1980 – A Personal Footy Almanac

 

by Sam Steele

Introduction

Thirty-two years on, it’s sobering to realise that half Richmond’s current fan base have no direct memories of our last Premiership.

The optimistic ones talk about our next Flag, but with all the belief of world-weary office workers, mouthing their idle Monday-morning pipedream of one day winning Tattslotto.

As one of the diminishing group that was there in 1980, I’m here to tell you it does happen and the story of that great season needs to be told. Not just for Tiger fans. Supporters who devotedly follow clubs but who don’t know the exhilarating experience of a Premiership need this assurance and I intend to provide it.

Over the coming months I will be sharing a personal recollection of Richmond’s last Premiership season. Readers will need to forgive the perspective of a rather preppy teenager from the leafy suburbs, encountering life on the wrong side of the tracks with a naive mixture of curiosity and shock. But I can’t help my origins, and over that memorable season, I did a fair bit of growing up on the terraces of the old VFL grounds, learned a lot about the geography of Melbourne and plenty about the good, bad and ugly sides of human nature.

I was lucky to have been just old enough to appreciate the significance of what was unfolding at Richmond and to be able to make the journeys around Melbourne to witness almost every contest. Yet I was young enough to retain sharp memories that even today, preserve those days clearly in my mind when hundreds of games witnessed since have grown vague and cloudy.

These days, there is almost infinite information available about top-level sport. But so much of it comes through official media channels, standardised and sanitised to a point where its real significance and colour is lost. It’s always a frantic rush to the next round, the next tournament, the next season, to the point where it’s all just a blur of video highlights and sound-bytes. There is rarely time to reminisce and reflect on great sporting deeds of yesteryear.

The Footy Almanac does a wonderful job of promoting the personal dimension of sports coverage, and I hope that in a small way, this account breathes life to a long-gone year which is otherwise remembered only by a few statistics and the “official” DVD of the Grand Final.

In keeping with the “Footy Almanac” structure, I’ll be recounting my personal recollections of Richmond’s games, round by round, but giving a wrap-up of all results each round. I’ll post these accounts on or around the dates that the games actually happened.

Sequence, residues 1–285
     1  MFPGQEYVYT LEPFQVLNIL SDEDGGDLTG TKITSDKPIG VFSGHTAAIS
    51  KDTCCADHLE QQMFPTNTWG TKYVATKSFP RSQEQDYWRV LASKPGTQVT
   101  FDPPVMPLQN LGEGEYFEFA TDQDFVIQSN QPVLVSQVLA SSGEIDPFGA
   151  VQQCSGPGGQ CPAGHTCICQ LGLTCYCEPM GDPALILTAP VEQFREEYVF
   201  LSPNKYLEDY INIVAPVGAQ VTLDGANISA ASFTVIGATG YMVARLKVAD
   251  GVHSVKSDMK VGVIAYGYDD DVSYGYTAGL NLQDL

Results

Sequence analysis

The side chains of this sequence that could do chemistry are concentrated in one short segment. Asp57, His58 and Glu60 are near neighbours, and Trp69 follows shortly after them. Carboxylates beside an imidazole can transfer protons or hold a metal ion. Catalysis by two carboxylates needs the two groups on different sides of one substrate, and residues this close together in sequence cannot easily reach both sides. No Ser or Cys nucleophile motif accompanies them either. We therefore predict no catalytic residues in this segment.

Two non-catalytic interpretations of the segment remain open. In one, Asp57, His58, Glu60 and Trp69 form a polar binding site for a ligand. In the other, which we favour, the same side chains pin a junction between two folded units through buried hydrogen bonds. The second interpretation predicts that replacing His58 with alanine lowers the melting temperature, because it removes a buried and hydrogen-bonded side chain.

My references for this task are limited. I collected footy records and newspaper clippings at the time but unfortunately, I ditched them years ago. Only a few phrases, facts and stats remain, which I’ve woven into my reminiscences here and there. My 1980 finals records are still around and Stephen Rodgers Every Game Ever Played has been a handy reference. The internet is a mixed blessing. It boasts plenty of online statistical resources, of which I particularly acknowledge AFL – All the Stats and AFL Tables. These are far more detailed than anything that was published in 1980, before stats became an obsession. But match reports, analysis and other accounts that provide the colour are maddeningly non-existent.

My match accounts are therefore more impressionist sketches than detailed analysis of the play. However, I hope this is made up for by personal reflections and anecdotes of the games, the times and the characters that made VFL footy such a rich experience. I hope, too, that these stories trigger memories and anecdotes from others – I’d certainly love to hear them.

Football in 1980

This is unashamedly a Richmond supporter’s reflection on a Premiership triumph. But in writing it, what struck me was how much footy has changed since 1980.

To understand the dynamics of the VFL competition in 1980, and Richmond’s place in it, a bit of historical context is needed.

I feel sentimental about the 1980 season for more than just the Tigers’ success. In many ways, 1980 was the swansong year of the old VFL. It was a time when the competition was played, pretty much as it had been for the previous 55 years. The regular six games across suburban grounds on a Saturday afternoon made “the footy” a ritual almost without parallel in the weekly cycle of Melbourne life.